Cadmium Element Facts


Cadmium

A small ball of cadmium metal, with a coin for size reference.

48
Cd
112.4

Data Zone

Classification: Cadmium is a transition metal
Color: bluish-white
Atomic weight: 112.41
State: solid
Melting point: 321.1 oC, 594.3 K
Boiling point: 765 oC, 1038 K
Electrons: 48
Protons: 48
Neutrons in most abundant isotope: 66
Electron shells: 2,8,18,18,2
Electron configuration: [Kr] 4d10 5s2
Density @ 20oC: 8.65 g/cm3
Show more, including: Heats, Energies, Oxidation, Reactions, Compounds, Radii, Conductivities
Atomic volume: 13.1 cm3/mol
Structure: hcp: hexagonal close packed
Hardness: 2.0 mohs
Specific heat capacity 0.23 J g-1 K-1
Heat of fusion 6.192 kJ mol-1
Heat of atomization 112 kJ mol-1
Heat of vaporization 99.87 kJ mol-1
1st ionization energy 867.7 kJ mol-1
2nd ionization energy 1631.4 kJ mol-1
3rd ionization energy 3616.2 kJ mol-1
Electron affinity
Minimum oxidation number 0
Min. common oxidation no. 0
Maximum oxidation number 2
Max. common oxidation no. 2
Electronegativity (Pauling Scale) 1.69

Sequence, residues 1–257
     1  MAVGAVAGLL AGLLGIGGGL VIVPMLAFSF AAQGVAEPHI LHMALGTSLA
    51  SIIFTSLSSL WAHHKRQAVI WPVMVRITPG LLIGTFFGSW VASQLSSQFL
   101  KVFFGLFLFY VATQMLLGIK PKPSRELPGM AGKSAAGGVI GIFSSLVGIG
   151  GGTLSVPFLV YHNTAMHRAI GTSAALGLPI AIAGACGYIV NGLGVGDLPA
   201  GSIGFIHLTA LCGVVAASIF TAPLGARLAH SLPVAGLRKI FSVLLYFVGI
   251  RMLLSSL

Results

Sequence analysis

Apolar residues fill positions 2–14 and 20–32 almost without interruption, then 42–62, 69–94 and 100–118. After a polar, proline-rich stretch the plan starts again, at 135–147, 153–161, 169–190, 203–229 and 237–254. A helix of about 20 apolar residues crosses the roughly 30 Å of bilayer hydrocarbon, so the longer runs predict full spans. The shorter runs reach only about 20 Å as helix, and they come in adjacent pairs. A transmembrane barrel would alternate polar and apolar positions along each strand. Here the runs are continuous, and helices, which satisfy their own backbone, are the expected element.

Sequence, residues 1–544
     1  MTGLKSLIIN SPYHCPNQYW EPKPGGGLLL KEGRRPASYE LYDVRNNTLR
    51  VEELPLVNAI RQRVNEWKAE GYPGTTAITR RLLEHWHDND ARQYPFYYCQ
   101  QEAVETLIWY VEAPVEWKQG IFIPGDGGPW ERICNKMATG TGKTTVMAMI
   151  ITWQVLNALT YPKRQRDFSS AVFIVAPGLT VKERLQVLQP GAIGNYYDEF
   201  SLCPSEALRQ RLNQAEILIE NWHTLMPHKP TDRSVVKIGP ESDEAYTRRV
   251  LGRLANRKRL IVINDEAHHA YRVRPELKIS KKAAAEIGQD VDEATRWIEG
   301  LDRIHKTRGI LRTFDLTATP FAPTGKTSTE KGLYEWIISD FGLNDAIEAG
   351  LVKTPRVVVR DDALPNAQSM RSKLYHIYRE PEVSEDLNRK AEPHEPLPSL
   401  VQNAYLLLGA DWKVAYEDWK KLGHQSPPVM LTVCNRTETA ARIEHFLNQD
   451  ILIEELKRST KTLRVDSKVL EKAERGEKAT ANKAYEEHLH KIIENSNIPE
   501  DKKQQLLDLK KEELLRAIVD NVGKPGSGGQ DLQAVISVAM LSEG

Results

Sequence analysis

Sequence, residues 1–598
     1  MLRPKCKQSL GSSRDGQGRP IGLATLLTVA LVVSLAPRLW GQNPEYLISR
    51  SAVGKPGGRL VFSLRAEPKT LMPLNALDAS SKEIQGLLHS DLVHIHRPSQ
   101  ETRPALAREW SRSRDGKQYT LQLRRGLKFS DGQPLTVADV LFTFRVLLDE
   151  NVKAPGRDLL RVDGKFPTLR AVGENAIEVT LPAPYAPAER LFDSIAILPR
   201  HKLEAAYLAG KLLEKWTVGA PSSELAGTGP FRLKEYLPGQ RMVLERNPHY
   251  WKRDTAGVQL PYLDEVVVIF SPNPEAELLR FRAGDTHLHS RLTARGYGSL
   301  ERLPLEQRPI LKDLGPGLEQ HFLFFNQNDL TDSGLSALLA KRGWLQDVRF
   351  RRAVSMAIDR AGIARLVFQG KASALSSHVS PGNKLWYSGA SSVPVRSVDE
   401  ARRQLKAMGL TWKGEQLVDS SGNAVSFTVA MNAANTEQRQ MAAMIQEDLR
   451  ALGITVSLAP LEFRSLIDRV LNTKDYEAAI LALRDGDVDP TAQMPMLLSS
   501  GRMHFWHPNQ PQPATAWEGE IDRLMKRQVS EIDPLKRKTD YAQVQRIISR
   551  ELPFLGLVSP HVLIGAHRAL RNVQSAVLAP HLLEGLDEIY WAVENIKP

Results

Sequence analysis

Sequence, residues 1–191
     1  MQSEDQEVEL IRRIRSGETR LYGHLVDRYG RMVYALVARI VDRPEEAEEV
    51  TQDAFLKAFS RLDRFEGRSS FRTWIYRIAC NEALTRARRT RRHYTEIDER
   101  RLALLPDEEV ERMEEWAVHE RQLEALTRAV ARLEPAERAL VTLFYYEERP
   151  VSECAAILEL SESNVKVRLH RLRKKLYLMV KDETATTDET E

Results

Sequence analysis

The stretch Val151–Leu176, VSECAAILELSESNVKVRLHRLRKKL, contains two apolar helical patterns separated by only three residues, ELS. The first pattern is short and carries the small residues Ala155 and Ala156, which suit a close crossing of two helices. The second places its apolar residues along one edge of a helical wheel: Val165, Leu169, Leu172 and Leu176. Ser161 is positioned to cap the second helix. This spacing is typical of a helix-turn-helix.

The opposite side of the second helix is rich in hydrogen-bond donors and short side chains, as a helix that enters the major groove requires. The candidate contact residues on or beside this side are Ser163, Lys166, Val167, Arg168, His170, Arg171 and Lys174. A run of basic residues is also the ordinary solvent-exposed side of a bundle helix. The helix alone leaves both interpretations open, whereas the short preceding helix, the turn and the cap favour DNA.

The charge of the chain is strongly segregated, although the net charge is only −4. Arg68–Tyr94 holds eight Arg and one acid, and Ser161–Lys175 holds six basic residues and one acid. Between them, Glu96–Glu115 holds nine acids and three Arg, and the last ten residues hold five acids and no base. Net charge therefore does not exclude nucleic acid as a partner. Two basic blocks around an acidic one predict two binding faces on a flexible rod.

Polarizability volume 7.2 Å3
Reaction with air mild, w/ht ⇒ CdO
Reaction with 15 M HNO3 mild ⇒ Cd(NO3)2, NOx
Reaction with 6 M HCl mild, ⇒ H2, CdCl2
Reaction with 6 M NaOH none
Oxide(s) CdO, CdO2
Hydride(s) CdH2
Chloride(s) CdCl2
Atomic radius 151 pm
Ionic radius (1+ ion)
Ionic radius (2+ ion) 109 pm
Ionic radius (3+ ion)
Ionic radius (1- ion)
Ionic radius (2- ion)
Ionic radius (3- ion)
Thermal conductivity 96.6 W m-1 K-1
Electrical conductivity 14.7 x 106 S m-1
Freezing/Melting point: 321.1 oC, 594.3 K



Friedrich Stromeyer

Friedrich Stromeyer, who discovered cadmium in 1817.


Cadmium’s Periodic Table Neighborhood

Cadmium’s chemistry is similar to zinc’s and they are found in the same ores. Zinc sits above cadmium in the periodic table. Like mercury below it, cadmium and its compounds are highly toxic.